Digital disruptors a real threat to UK financial market, say Forrester
UK Finance and wealth management industry's slow innovation will come back to bite them, analysts predict
By Margi Murphy | Computerworld UK | Published: 09:35, 14 May 2014
A sea change in customers' trust in free or cheap online financial services spell disaster for the finance and wealth management industry, Forrester vice-president Bill Doyle reveals.
Start-ups like Jemstep, Personal Capital, and SigFig deliver free or low-cost guidance to help consumers navigate long-term goals such as investing for retirement or buying a home. Doyle's latest report warned that digital financial advice and wealth management businesses are finally ready for take-off and are a realistic threat to traditional enterprises that are not innovating.
The report, Disrupting finance: digital financial advice, from Forrester found one-third of affluent US online consumers believe cheap online financial advice is as good as in-person advice, a 22 percent increase from three years ago.
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Doyle said: "Digital remains a dangerously low priority at wealth management firms that are built around person-to-person relationships."
Nutmeg, a site that builds and manages investment portfolios from the comfort of a customer's laptop was labelled as a serious threat.
"To prevent disruptors like Nutmeg and Rebalance IRA from opening an ever-wider digital experience gap, established firms need to transform their digital presence. How? Start by depicting account information like asset allocation visually and by showing portfolio performance."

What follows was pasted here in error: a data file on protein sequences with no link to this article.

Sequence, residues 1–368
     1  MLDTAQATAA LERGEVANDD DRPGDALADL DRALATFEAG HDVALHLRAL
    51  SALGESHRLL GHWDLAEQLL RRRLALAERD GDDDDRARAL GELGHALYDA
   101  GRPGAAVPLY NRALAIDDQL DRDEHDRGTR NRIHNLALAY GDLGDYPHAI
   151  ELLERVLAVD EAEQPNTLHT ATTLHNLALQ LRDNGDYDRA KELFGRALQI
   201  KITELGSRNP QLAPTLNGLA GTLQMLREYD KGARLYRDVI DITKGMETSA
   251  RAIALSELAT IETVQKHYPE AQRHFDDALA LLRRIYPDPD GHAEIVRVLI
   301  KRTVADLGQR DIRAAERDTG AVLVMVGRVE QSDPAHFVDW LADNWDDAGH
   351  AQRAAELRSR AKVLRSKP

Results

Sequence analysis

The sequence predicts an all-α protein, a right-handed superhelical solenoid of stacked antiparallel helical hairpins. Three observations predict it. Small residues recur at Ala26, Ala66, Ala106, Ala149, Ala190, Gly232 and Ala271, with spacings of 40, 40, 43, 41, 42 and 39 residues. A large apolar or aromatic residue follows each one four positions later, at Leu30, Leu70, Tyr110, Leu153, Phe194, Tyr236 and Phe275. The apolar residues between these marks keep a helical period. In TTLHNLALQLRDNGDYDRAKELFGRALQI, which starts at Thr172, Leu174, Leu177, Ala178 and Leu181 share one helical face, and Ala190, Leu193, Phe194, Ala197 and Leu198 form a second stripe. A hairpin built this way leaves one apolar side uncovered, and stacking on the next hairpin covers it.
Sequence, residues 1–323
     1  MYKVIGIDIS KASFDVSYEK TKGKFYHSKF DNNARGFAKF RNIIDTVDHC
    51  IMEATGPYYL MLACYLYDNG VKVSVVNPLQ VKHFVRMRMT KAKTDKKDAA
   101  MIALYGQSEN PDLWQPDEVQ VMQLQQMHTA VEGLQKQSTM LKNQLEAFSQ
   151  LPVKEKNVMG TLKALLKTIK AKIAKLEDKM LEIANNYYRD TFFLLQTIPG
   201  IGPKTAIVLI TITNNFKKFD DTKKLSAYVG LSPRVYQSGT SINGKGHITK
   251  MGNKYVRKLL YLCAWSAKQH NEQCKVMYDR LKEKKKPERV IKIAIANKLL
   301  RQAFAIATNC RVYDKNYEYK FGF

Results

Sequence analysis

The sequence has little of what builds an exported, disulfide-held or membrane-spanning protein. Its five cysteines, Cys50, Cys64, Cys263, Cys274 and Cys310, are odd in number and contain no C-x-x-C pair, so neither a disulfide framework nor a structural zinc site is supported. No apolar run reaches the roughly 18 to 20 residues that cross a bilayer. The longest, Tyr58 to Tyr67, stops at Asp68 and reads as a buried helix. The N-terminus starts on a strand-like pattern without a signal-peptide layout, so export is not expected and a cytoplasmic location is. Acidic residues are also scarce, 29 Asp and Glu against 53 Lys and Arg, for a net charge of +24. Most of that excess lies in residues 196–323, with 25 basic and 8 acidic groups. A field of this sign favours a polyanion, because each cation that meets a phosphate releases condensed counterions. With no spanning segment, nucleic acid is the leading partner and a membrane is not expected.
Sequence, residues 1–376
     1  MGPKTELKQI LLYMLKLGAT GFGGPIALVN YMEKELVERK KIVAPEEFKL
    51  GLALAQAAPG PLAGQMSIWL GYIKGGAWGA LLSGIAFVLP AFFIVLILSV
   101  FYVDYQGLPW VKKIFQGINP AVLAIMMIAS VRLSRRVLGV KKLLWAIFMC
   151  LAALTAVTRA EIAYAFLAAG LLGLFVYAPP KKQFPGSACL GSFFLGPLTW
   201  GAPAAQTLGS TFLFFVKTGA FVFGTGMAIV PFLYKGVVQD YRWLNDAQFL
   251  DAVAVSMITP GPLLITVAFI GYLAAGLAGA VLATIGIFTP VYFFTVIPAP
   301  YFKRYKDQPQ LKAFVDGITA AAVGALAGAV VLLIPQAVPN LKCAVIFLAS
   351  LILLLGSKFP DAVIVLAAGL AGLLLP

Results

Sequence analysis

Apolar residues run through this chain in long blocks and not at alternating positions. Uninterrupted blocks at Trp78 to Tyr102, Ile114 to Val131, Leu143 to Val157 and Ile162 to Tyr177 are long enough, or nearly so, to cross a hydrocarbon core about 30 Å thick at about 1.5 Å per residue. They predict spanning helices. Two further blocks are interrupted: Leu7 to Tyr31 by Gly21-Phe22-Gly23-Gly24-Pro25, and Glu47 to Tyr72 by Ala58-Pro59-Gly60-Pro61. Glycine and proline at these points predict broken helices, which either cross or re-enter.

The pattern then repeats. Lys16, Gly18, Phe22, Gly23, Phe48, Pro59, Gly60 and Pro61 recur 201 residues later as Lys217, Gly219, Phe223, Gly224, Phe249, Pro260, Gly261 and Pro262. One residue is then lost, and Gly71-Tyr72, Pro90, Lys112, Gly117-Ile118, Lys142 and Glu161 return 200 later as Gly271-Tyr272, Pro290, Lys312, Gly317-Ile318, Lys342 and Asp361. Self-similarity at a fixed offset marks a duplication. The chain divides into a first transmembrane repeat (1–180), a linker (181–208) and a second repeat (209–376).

"In a wealth management industry measured in trillions of dollars, digital investment managers are still tiny. But they are establishing a foothold in a managed accounts market that has been dominated by advisor-based brokerage firms such as Ameriprise and Raymond James, agent-based insurers such as AXA and New York Life, asset managers such as Legg Mason, and private banks such as UBS. Even traditionally direct firms like E-Trade and Scottrade should be worried about the disruptors'.
A younger generation of "digital natives" will opt for low-cost, technology savvy financial products and services, Doyle added.
One trick digital investment managers are using to hook customers and stimulate goal-oriented behaviour is gamification. Financial advice provider FlexScore draws users by grading financial health and pitting them against their peers, while offering steps to improve their score.
How to retaliate?
To avoid disruption, CTO and CIOs need to focus relentlessly on the needs of their customers so that they can give them more of what they want, faster than before.
Doyle said: "Compared with the new digital platforms, most major banking, brokerage, asset management, and retirement providers' tools feel dated and don't provide much actionable advice. Improving these tools won't be cheap or easy but smart firms will spend the money and time needed to translate the principles of effective person-to-person advice to digital channels."